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Why are Building Regulations important?

Building Regulations are the equivalent of the rules requiring seat belts in cars, hard hats on-site, and not smoking in cafes. However, unlike these rules (which were all considered inconvenient when introduced but are now shock-inducing if ignored) some people still see Building Regulations as something to “get around”.

The Common Misconception

There is a lot of misconception surrounding building control and the involvement of building control officers in construction projects. This misconception appears to be perpetuated by hearsay and misinformation by poor-quality builders. The misconception is based on two ideas:

1. The involvement of building control will prevent you from achieving the design you would like

2. The involvement of building control will result in an escalation of construction costs

I hope that this article will redress this view and explain some practical facts about this topic.

Building Control Can be Very Flexible

Building regulations are for the safety and benefit of building users. However, it is important to explain that building regulations have flexibility, unlike the rigidity of a no-hat, no-boots, no-work policy.

When looking at building regulations documents, it is important to note that the very short part of the text highlighted in green is the building regulation. The rest is a guideline for meeting it. This allows for flexibility. For example, to meet “Part K – Protection From Falling”, it may be found that placing a bouncy castle next to a building is an adequate alternative to an 1100mm high railing around a balcony (important caveat: this MUST be approved formally in writing). Okay, this may be a somewhat far-fetched solution to complying with that regulation, but it illustrates that it is the regulation that must be met and not necessarily the guideline.   Building regulation drawings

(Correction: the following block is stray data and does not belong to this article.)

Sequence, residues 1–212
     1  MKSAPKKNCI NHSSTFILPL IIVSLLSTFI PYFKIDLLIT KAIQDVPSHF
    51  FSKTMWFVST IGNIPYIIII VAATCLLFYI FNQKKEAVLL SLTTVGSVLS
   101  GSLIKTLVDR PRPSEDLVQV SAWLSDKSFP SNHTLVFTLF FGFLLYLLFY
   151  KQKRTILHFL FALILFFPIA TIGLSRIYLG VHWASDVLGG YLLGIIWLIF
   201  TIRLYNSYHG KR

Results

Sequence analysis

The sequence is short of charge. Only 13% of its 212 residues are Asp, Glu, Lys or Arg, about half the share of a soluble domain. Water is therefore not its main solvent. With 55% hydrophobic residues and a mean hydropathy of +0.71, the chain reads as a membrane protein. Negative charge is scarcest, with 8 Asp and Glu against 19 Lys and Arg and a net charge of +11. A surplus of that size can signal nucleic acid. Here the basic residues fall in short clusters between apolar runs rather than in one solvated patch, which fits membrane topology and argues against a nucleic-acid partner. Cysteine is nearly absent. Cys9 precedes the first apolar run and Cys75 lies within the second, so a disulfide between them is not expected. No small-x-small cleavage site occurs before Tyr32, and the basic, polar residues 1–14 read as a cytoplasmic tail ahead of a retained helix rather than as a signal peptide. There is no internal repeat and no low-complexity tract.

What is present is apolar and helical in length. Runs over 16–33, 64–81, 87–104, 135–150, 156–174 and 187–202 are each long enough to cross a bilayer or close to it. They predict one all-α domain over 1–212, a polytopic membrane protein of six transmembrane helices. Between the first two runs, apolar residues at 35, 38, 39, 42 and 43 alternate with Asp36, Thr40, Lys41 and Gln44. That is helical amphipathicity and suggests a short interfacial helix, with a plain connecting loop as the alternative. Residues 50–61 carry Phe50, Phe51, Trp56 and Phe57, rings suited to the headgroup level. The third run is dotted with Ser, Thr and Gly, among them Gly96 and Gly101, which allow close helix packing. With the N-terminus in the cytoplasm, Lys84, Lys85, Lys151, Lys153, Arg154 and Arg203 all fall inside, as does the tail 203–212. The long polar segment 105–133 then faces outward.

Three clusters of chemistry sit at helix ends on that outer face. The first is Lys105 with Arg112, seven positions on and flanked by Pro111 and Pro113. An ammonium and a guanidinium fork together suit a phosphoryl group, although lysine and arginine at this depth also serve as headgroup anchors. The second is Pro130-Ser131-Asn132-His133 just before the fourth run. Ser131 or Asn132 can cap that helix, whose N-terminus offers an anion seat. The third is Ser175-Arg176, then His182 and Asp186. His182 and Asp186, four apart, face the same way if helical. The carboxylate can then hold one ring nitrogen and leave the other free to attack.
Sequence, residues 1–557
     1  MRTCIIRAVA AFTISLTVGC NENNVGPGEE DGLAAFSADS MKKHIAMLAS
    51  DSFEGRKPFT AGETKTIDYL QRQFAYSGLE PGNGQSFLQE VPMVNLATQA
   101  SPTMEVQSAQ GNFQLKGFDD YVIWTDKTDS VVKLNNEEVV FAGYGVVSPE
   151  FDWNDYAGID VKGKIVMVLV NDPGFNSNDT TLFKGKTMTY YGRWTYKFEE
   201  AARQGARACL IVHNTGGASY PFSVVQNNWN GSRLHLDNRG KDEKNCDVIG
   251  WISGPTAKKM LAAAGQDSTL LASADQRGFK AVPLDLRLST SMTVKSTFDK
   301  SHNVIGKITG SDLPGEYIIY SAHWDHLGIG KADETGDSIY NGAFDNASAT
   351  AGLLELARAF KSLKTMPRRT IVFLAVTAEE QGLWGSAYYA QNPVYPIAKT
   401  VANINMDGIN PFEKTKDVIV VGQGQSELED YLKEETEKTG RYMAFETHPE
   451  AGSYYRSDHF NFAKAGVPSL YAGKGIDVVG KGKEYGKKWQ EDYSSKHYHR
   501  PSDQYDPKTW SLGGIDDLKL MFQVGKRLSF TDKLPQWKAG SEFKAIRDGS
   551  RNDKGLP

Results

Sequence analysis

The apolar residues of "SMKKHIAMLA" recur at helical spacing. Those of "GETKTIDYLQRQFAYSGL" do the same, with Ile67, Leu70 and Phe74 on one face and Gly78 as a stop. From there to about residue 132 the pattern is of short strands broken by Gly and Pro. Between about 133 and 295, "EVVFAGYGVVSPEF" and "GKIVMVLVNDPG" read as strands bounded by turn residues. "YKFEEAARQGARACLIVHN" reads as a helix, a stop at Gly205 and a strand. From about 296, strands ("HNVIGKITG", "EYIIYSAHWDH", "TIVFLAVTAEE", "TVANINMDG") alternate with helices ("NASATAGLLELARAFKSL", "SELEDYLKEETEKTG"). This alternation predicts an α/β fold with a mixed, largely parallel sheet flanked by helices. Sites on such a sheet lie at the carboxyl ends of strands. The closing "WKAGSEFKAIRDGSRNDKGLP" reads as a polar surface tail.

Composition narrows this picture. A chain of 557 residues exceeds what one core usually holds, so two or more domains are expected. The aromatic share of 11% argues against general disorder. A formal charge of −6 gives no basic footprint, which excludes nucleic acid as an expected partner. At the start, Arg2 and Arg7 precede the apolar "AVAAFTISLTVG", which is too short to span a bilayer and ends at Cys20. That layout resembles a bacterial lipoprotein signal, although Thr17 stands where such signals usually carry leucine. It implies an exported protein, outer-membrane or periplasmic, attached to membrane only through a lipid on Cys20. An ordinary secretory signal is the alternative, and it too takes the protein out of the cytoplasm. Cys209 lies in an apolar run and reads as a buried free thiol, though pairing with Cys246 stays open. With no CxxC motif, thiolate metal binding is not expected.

Building Control are Problem Solvers

If your building project challenges the conventional design for meeting a building regulation, I recommend involving the Building Control Officer as early as possible in the design stage. Your architect will have worked with many Building Control Officers many of whom are problem solvers who are happy to suggest and investigate alternatives with them. In this way, your architect can produce alternative designs that can be costed before construction.

Be Aware of the Costs

It is important to note that non-conventional solutions for meeting building regulations may have costs attached. For example, it is possible to remove walls from a secure fire escape route to create an open-plan living space, but this may require the installation of mechanical smoke curtains and/or a sprinkler system. The cost of a mechanical smoke curtain will usually be higher than the cost of building a conventional wall.

It is, therefore, best to meet with Building Control and your architect as early as possible. Working collaboratively with them will highlight any issues and give your architect time to assess alternatives should the costs for the first solution be over budget. This is vital if you are to avoid costly surprises later on.

 

Do Not Use Anyone who says they will “Work Around” Building Regulations.

It is required by the Architects Registration Board Code of Conduct that architects comply with all regulatory requirements. Architects have a duty to follow building regulations, and so do other building professionals, including structural engineers and builders. Beyond their professional duty, there are two very important reasons to make sure everyone you work with complies with building regulations.

Firstly, and by far the most important factor, is that building regulations are there for your safety. It says something troubling about a builder’s attitude to health and safety if they are happy to proceed without telling building control. Putting yourself and other future users of the building at risk can never be worth any short-term cost savings.

 

Secondly, when you come to sell your house, areas that don’t meet building regulations will be highlighted by a solicitor, and it is very likely that you will have to put them right. Doing a retrospective building regulations application years down the road when you have lost touch with the architect, builder etc., will be timely and will almost always cost more than simply meeting the regulations in the first place.

If you engage with Building Control from the start to design an elegant, cost-effective solution with your architect, you can then rest assured your project will be properly constructed and that you have created a safe and wonderful place for you and your family to live in.

For more information on how Architect Your Home can help with your renovation and obtaining building regulations, fill in our contact us form, and we’ll be in touch soon.

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